If you’re a car fanatic, you’ve probably heard about the web series, Roadkill. If not, you’d be ecstatic to know that there exists a show on the internet that’s about turning old cars into awesome drag racing machines. Hosted by two real-life buddies, David Freiburger and Mike Finnegan, who don’t take themselves seriously, the show adds elements of humor and realness that makes it different from any other car show out there.
So what goes behind the scene that makes Roadkill really stand out? Here are five facts about the show you’d probably want to know.
Roadkill separates itself as an “internet show,” meaning that it is available only on the internet. Previously, it was free to stream on Motor Trend’s YouTube channel, but as of March 2018, the episodes began airing on Motor Trend’s subscription-based streaming service.
One might consider their decision to make the show exclusively online as odd but based on its success, Roadkill has proven that internet streaming really is the wave of the future.
David’s Expertise in Cars
David Freiburger has made his entire living around cars. Before having his own car show and becoming the editor-in-chief for Hot Rod magazine, he worked at an aftermarket ignition company. In fact, right after finishing high school, he started working at a Dodge dealership parts counter.
David is a car fanatic himself, to say the least. He’s a member of the prestigious Bonneville 200 MPH Club and boasts an impressive car collection, his most prized possession being the F-Bomb Camaro.
From Road trip to Roadkill
The idea for Roadkill actually spawned out of an actual road trip that David and Mike once had. Just after starting out at Hot Rod, the two went on a trip which David filmed, edited and uploaded on YouTube.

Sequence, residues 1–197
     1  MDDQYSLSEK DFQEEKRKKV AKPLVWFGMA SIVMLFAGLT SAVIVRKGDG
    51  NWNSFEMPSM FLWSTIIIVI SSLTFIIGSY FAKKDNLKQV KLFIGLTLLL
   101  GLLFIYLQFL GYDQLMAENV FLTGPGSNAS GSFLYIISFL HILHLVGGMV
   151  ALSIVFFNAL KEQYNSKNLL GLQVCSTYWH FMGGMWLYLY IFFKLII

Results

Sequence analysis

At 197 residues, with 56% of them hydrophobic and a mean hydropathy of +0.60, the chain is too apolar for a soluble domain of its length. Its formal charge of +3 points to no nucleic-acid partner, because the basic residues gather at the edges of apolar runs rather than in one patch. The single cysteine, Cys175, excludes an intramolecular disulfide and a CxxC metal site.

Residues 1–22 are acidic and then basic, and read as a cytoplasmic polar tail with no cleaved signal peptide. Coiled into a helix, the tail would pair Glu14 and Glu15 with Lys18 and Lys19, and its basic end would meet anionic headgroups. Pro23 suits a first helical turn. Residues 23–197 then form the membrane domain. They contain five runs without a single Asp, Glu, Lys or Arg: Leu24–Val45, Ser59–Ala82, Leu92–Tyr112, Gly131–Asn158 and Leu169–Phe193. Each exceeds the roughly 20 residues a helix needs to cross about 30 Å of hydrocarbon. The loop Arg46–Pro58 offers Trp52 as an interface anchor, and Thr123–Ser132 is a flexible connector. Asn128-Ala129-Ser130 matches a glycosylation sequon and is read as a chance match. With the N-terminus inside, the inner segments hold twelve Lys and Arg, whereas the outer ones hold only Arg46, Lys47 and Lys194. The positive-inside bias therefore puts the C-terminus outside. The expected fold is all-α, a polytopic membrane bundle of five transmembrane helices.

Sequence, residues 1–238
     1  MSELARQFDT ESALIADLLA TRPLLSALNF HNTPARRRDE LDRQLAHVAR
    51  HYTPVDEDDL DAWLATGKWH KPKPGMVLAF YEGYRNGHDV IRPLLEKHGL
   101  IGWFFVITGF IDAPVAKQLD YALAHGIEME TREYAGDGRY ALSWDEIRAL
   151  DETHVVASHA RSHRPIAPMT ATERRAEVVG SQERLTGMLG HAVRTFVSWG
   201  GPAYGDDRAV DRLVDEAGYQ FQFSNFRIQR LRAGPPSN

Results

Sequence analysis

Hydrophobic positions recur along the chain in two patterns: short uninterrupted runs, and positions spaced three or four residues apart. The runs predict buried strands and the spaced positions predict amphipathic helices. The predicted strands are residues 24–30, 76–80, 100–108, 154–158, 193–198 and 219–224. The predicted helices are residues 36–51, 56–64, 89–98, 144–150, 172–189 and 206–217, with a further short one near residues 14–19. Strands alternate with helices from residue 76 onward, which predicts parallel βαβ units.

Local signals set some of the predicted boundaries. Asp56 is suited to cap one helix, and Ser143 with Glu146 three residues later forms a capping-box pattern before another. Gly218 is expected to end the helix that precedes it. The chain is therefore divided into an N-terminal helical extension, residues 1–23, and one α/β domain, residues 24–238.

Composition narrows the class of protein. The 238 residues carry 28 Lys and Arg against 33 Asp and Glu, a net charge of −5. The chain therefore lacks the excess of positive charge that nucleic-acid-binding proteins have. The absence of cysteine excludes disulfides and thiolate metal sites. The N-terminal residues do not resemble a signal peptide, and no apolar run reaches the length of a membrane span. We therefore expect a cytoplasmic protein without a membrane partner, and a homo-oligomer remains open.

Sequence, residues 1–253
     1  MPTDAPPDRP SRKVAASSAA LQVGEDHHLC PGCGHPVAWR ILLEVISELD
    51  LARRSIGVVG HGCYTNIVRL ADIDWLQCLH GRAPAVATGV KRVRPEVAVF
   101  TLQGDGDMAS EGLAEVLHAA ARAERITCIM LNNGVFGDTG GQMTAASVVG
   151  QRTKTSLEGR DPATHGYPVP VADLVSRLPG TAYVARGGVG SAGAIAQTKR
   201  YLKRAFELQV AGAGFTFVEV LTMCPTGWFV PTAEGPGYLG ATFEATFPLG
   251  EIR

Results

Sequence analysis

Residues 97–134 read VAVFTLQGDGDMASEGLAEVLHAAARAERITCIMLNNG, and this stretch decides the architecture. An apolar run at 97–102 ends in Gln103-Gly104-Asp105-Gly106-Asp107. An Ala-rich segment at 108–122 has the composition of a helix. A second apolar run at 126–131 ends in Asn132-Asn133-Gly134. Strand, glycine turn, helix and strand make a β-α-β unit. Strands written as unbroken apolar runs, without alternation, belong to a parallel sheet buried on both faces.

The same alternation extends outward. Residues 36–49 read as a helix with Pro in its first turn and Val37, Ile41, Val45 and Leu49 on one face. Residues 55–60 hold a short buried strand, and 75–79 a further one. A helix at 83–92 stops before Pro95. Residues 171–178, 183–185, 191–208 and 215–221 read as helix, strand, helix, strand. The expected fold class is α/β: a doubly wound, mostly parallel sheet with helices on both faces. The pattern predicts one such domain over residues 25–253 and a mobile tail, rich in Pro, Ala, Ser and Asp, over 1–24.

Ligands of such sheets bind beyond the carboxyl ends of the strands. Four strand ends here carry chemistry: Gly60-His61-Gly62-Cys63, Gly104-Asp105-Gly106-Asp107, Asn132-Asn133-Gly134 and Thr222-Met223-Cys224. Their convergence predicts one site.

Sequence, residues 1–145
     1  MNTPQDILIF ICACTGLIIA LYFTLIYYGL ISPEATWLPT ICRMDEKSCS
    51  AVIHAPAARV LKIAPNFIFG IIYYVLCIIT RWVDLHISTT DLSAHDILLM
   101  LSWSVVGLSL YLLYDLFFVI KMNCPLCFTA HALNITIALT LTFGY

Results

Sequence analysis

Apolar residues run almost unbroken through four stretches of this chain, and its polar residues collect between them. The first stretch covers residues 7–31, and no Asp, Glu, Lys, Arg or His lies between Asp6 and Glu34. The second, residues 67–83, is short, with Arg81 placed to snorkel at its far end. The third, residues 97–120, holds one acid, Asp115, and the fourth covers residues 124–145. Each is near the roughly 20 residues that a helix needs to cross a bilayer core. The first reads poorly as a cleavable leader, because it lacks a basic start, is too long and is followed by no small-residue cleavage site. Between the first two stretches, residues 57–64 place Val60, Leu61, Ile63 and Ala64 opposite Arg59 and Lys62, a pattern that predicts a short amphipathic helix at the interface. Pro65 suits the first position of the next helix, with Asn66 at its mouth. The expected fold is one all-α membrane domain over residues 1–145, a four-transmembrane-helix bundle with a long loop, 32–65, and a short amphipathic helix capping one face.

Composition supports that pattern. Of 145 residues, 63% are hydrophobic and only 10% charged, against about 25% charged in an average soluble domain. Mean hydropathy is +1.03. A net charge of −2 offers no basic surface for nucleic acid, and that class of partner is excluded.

They didn’t have any intentions to start a web series based on it, but the fans loved it, so a decision was made to turn the idea into a regular show.
Scriptless and Spontaneous
One thing about the show that stands out from the rest is that its characters or content does not feel forced. It’s because Roadkill doesn’t have a script! In fact, they rarely have a plan. They simply roll the cameras and start filming things with no direction.
The outcome is always entertaining nonetheless, and fans love it. So, whatever format they’re following is working just fine.
Mike and David lose a lot of money through their car deals, buying it at a higher price only to sell it low. So an expression was born out of it called “Finnegan Economics.” It’s a theory based on always losing the significant amount of money in any automotive deal made during an Internet show.
But, that’s what makes them so lovable. It proves that they’re in it NOT for the money, but for their love for cars.